Growing up in a housing estate in Glasgow, Mungo and James are born under different stars--Mungo a Protestant and James a Catholic--and they should be sworn enemies if they're to be seen as men at all. Yet against all odds, they become best friends as they find a sanctuary in the pigeon dovecote that James has built for his prize racing birds.
As they fall in love, they dream of finding somewhere they belong, while Mungo works hard to hide his true self from all those around him, especially from his big brother Hamish, a local gang leader with a brutal reputation to uphold. And when several months later Mungo's mother sends him on a fishing trip to a loch in Western Scotland with two strange men whose drunken banter belies murky pasts, he will need to summon all his inner strength and courage to try to get back to a place of safety, a place where he and James might still have a future.
Imbuing the everyday world of its characters with rich lyricism and giving full voice to people rarely acknowledged in the literary world, Young Mungo is a gripping and revealing story about the bounds of masculinity, the divisions of sectarianism, the violence faced by many queer people, and the dangers of loving someone too much.
As they neared the corner, Mungo halted and shrugged the man's hand from his shoulder.
Darker than I was expecting, Young Mungo pulled me under and forced me to experience a level of emotion I was unprepared for. Every time I stepped away from this story, it took longer to escape from the absolute heartbreak and sense of hopelessness that escalated with every moment. The small pockets of hope that only existed to plunge you further into the abyss pages later made it even worse.
As difficult as it was to read, I had to know what would happen next. The timeline alternates between what I assumed to be past and present with no pattern or label, but it was never confusing. While I sometimes preferred one storyline over the other, it wasn’t consistent, and I just wanted more of everything. The perspective could change within a chapter, and it added more emotional layers to view the same event through different filters at almost the same time.
It’s never easy to read about violence and abuse, particularly when the themes hit so close to home and mirror so many actual experiences. Mungo’s world is violent in an unavoidable way before we even begin to explore his sexuality. He’s deeply dependent on an emotionally and physically unavailable mother with addiction problems and an older sister who raises him the best she can while trying to escape the same situation. His older brother lives well outside of the law, eager to physically attack anyone from the police to his own family. He's equally willing to use emotional manipulation to get his way, and poor, sweet Mungo never stands a chance, even when he knows what’s going on. His desperation to be loved and wanted makes him a target for everyone, even his family members. And while there were moments between Mungo and James that were so blissfully pure, it was also heartbreaking to see how the masculine ideals of this time and place influenced their ability to be affectionate and caring, even in private.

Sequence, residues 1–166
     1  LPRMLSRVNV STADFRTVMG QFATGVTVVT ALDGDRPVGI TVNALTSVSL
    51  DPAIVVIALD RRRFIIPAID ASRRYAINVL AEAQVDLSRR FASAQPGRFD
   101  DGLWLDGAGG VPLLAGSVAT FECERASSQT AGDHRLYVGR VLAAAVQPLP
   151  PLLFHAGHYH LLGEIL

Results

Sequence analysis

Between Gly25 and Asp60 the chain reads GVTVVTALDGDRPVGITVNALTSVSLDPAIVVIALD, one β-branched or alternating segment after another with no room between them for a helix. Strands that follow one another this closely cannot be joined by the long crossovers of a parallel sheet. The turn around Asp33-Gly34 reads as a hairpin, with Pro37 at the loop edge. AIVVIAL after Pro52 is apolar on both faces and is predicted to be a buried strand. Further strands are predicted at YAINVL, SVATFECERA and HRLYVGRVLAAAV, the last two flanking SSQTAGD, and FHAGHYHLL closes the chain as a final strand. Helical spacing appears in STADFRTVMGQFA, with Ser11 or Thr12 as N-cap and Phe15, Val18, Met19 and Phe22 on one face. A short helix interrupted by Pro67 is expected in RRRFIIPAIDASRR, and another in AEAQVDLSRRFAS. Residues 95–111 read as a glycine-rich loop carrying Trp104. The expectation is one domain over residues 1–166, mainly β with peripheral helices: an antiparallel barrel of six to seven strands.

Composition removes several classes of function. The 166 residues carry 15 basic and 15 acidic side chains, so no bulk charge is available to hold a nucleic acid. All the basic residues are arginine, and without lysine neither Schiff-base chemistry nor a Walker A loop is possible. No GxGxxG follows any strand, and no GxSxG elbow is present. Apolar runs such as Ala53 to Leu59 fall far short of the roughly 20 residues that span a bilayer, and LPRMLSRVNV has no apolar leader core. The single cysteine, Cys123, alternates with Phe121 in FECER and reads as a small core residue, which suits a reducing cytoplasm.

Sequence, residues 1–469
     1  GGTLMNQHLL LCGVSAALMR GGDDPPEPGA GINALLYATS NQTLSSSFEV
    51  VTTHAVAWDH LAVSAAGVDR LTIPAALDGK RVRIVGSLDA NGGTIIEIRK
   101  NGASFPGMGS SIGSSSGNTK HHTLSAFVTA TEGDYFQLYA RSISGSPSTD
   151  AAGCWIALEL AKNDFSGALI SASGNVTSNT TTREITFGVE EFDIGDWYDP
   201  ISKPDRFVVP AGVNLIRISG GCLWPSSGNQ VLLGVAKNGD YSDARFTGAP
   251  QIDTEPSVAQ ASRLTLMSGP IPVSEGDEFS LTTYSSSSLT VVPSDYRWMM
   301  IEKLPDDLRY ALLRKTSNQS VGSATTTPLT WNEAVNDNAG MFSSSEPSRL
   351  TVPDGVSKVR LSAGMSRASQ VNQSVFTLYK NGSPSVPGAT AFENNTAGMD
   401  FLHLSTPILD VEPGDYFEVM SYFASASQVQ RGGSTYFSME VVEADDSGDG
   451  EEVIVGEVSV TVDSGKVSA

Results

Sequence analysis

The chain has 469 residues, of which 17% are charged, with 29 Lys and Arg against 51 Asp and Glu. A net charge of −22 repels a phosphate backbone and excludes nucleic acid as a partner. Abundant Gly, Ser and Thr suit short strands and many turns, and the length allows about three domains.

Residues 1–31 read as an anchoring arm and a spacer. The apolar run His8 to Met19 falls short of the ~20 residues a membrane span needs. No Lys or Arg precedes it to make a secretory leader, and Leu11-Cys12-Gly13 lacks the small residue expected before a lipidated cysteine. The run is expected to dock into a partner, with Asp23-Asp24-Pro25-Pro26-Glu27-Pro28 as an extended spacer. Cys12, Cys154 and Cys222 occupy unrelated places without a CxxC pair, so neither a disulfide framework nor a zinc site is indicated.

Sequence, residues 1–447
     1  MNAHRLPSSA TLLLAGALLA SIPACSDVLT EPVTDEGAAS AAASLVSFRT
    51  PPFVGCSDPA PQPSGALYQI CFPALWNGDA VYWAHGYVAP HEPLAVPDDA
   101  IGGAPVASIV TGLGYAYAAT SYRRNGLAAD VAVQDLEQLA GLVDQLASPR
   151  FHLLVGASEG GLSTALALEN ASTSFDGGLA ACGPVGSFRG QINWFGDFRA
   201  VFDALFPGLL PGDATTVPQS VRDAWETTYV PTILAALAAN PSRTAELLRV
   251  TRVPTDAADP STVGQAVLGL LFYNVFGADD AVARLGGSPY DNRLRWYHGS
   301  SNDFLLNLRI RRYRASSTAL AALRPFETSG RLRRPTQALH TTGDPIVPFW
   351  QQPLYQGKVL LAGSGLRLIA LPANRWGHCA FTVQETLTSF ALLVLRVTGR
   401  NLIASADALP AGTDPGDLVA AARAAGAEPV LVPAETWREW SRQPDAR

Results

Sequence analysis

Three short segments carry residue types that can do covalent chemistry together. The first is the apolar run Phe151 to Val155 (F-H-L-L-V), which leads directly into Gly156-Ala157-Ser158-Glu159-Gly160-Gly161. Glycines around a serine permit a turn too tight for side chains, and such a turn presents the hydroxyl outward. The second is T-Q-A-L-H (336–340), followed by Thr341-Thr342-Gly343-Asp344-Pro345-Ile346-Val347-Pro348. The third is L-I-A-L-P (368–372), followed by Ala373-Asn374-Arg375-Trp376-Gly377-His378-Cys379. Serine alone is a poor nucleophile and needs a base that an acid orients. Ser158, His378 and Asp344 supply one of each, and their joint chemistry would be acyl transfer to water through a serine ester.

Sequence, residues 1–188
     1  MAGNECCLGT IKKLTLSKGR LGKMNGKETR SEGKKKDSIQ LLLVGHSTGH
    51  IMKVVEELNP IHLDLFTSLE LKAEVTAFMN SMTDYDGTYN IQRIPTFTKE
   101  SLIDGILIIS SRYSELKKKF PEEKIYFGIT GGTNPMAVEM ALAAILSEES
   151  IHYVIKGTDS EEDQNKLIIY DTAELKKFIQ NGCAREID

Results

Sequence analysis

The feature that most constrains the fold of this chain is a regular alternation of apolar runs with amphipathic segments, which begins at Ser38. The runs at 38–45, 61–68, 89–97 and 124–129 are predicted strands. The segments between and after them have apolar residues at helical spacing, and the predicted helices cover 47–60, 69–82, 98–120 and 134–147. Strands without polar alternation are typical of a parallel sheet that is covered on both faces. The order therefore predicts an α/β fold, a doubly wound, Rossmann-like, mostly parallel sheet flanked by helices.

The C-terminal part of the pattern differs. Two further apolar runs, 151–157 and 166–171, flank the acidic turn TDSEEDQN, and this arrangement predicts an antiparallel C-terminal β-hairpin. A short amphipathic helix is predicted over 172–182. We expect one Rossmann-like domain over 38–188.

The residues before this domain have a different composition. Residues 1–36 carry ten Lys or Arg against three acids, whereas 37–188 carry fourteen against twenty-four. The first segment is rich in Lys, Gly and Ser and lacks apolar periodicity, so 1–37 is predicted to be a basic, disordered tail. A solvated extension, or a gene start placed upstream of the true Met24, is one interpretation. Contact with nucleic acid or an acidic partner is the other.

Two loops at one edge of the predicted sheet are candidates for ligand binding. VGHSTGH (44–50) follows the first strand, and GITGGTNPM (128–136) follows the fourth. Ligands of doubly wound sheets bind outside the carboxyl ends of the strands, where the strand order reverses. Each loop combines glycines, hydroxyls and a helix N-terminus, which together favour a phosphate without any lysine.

Mungo had been working hard at seeing what people really meant. Mo-Maw and his sister, Jodie, were always nagging him about that. Apparently there could be some distance between what a person was saying and what you should be seeing. Jodie said he was gullible. Mo-Maw said she wished she had raised him to be cannier, less of anybody's fool. It was a funny thing to be a disappointment because you were honest and assumed others might be too. The games people played made his head hurt.
I wrote most of this review before I finished reading Young Mungo. The themes and the emotions were sitting so heavily on my chest that by the time I was 75% of the way through, I needed to take a break and write down some of my thoughts. At this point, it’s hard to see even a glimmer of optimism. There’s a deep foreboding that things will still get much worse, and every chapter refuses to shine any light or provide any hope, instead giving more evidence as to why nothing good will ever happen again.
Young Mungo is about so many things. I’ve seen it billed as a queer Romeo and Juliet or a Scottish Brokeback Mountain, but it’s more than that would lead you to expect. Going beyond the fear and trauma experienced by two very different gay teens in the early '90s, it delves deep into the effects that socioeconomic and cultural expectations have on masculinity and how toxic and harmful this can be.
I want to take any shred of hope I can from the last page, but by the end, it feels like too little too late, and my heart hurts for Mungo and James.
Everything Mungo does to protect himself only proves to make things worse, and an inability to be honest only forces more lies and harm. Addiction, abuse, poverty, hunger, isolation - so many factors make Mungo and his abusers a product of their environment, and Stuart does not shy away from holding each of them responsible. It’s why this book feels so heavy and why I can love Mungo and admire the beauty and the tragedy of the writing while hating the story and how terrible it made me feel.